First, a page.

There is a couple of different security types, not only RFID (That needs a cpu, because it uses digital communication).
Some of the old analog types needs a rather powerful sending coil (A CRT within a few meters of a gate would be affected) and the receiver would either be a couple of analog filters or a DSP. I have seen this type used in libraries, because the security can be activated again.
Another type of security is a resonance circuit, where the gate scans for the resonance circuit. These tags are either removed or burned out, before the goods can be moved through the gate.
 

Offline Laertes

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Re: EEVblog #673 - Mailbag
« Reply #34 on: October 16, 2014, 05:27:54 pm »
Love the 2-Minute Teardowns™.
Also, another +1 for the uRuler campaign!

I wonder why the checkpoint thing is so powerful. To my knowledge, there's a lot of different systems for theft detection RFIDs in frequency ranges between 10kHz and microwave bands, but almost all of them are dumb as a rock and the sender/detector units could easily be built fully analog - that is some serious overkill hardware they have there. And it's not like they manufacture hundreds of it, it's probably more like hundreds of thousands, so why not optimize for cost? Am I underestimating modern anti-theft RFIDs?

The simplest anti-theft tag that I'v seen is few metal strips stacked together, so the tags are dumb as a rock. Security gate has transmitting coil that makes tag resonate and second coil detects it. The tags are passive so transmitter must be powerful and receiver  sensitive and the gate has to detect different types of tags at different frequencies. Large market might have 10 gates at cash registers so 10 powerful transmitters and 10 sensitive receivers very close together.  The gates cant take much space (few inches wide) which limits shape of antennas and shielding. Store owner wont accept many false alarms, once a day is probably too many. Does that hardware still look like overkill? Just imagine what kind of problems signal reflections from store structures must cause (has to work in any shape store that gates are sold to) or gates at next door store made by different manufacturer.   

Hmm...I would have thought the amount of power these resonant systems put out isn't all that great. Because of the size of the coil(usually something in the area of a coil wound a couple of times around the entire detector, maybe 1.2-1.6m tall) and the very short range it's designed for(distance sender-detector ~1m) they should be able to get away with very little power, shouldn't they? Would also avoid all the problems involved with stuff like interference from the shop next door...
 

Online SeanB

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Re: EEVblog #673 - Mailbag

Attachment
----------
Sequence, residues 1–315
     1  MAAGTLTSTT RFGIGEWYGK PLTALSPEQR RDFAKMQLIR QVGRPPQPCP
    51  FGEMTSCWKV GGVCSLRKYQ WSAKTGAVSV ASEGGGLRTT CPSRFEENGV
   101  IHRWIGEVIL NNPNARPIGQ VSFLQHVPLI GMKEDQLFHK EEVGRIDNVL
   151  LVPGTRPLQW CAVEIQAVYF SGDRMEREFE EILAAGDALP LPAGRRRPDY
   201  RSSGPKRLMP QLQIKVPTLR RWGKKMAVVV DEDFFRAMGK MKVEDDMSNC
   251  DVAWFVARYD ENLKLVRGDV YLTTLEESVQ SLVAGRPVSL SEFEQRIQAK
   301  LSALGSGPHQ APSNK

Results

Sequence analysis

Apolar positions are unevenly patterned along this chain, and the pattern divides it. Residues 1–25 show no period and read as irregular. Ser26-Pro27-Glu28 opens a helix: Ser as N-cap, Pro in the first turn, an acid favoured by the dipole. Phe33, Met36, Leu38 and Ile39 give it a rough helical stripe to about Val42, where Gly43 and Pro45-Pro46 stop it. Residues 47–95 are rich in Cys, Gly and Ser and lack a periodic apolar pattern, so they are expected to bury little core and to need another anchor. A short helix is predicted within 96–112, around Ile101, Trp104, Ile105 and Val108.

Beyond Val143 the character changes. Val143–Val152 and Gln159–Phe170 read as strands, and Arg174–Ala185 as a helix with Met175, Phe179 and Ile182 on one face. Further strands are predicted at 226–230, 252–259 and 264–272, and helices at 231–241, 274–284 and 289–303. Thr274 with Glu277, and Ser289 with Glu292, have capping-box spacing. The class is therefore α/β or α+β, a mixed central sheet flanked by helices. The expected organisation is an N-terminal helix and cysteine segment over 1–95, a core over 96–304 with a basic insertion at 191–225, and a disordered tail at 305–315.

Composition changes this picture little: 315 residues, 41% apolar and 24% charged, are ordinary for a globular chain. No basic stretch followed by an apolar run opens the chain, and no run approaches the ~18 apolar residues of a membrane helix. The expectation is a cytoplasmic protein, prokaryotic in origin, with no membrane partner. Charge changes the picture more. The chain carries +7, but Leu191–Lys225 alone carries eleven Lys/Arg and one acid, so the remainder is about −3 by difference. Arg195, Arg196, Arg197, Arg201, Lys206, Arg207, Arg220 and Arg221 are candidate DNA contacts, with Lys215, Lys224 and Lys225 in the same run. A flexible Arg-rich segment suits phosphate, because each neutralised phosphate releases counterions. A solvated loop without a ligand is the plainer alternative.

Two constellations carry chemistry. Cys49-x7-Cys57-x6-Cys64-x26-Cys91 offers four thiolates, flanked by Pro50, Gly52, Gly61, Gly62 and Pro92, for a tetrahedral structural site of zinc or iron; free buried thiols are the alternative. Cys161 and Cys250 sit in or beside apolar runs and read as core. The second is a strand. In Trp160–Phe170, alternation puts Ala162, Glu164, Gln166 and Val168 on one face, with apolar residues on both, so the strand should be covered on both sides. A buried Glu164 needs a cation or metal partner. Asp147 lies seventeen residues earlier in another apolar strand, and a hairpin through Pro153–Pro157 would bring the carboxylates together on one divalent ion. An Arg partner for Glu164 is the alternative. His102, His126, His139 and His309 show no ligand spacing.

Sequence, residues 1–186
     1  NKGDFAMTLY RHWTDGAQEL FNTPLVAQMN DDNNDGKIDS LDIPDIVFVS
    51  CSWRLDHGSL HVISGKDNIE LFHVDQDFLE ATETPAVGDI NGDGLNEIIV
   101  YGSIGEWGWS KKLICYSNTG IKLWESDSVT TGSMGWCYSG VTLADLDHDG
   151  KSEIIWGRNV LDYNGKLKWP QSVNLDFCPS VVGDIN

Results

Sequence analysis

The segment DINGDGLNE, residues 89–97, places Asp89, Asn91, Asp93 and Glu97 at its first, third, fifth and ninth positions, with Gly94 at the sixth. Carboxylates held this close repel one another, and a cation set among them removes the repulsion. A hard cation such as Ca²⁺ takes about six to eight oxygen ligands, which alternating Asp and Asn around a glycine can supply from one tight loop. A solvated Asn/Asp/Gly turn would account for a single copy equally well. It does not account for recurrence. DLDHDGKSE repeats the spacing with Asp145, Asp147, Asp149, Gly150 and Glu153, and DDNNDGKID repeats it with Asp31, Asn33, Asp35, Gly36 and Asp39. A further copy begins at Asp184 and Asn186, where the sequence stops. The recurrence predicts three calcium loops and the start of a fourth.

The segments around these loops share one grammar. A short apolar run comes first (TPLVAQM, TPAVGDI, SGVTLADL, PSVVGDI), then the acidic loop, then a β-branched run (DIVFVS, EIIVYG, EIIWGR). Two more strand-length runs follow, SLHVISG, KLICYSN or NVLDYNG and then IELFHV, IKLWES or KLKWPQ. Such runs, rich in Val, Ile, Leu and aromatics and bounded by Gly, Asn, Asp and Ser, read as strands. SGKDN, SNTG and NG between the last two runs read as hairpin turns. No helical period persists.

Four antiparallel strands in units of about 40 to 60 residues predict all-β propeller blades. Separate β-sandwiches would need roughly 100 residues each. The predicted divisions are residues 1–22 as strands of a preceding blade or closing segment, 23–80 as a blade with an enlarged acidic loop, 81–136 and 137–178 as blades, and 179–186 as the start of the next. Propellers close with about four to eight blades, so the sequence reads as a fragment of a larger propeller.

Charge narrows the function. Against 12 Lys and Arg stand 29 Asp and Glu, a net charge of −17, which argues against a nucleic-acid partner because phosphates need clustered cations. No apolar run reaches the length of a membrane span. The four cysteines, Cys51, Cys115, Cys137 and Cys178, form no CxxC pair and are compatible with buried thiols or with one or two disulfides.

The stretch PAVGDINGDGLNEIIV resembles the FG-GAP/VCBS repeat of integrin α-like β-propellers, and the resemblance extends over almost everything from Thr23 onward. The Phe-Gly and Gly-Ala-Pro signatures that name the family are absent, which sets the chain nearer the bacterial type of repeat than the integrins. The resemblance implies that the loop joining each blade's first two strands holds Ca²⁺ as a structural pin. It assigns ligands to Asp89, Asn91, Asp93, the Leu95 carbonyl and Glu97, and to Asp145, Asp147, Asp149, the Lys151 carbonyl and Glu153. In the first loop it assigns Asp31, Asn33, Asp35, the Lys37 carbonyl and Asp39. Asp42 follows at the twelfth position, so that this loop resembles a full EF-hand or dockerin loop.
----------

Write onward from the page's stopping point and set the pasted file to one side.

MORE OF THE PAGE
« Reply #35 on: October 16, 2014, 06:17:35 pm »
The simple strips are actually a very complex system of a magnetic strip sandwiched between a mumetal strip, that is magnetised and when the external field is coupled with it it saturates and makes a harmonic of the excitation frequency, which is detected by the receive coil and then is processed by a DSP to get the signal out. Degauss the strip and it no longer generates the harmonics, and it can then have a magnetic field applied to it to reset it to operate again.

The drivers use a large strip aluminium coil, typically 1in wide strip, wound into a coil spaced with foam tape. Around 20 turns about 2ft wide and 5ft high, and this is driven with a high power audio signal of around 15kHz, generated by the DSP and amplified with a class D amplifier, and then filtered by brute force LC filters to drive with a very low distortion sine wave, low distortion as you are detecting harmonics in the presence of a very strong excitation. The receive side uses a few bandpass filters that remove the transmit signal and amplify to feed the DSP that then does the heavy lifting. The systems switch between each coil acting as transmitter and receiver alternately, and use 2 or more frequencies at the same time to provide tbetter discrimination. Processor there is pretty simple, mostly generating the control signals, making the PWM transmit drive and doing comms to the built in counters and displays, along with driving external communications.

Power is around 150VA, with massive amounts of capacitors to provide very low ripple on the supply rails.

Yes, I did take one apart............. ;) Still got a lot of the boards knocking around.

However the one Dave got is more likely a controller for an access gate, like you get in large buildings where you clock through gated with a pass, and where you need a card to use things like lifts and to enter offices. Thus the need for a Lotus database back end, and the smaller contactless card driver, along with the motor drive systems for things like gates, semaphore lights and to interface to things like door releases and door position detectors and most likely also interfaces for alarm inputs and outputs, and with most likely inputs for occupancy sensors, temperature and light sensors and more outputs to control lighting, air damper valves and possibly even automatic blinds or window shades. Having all that on board having such a high power processor is starting to look like it might be needed.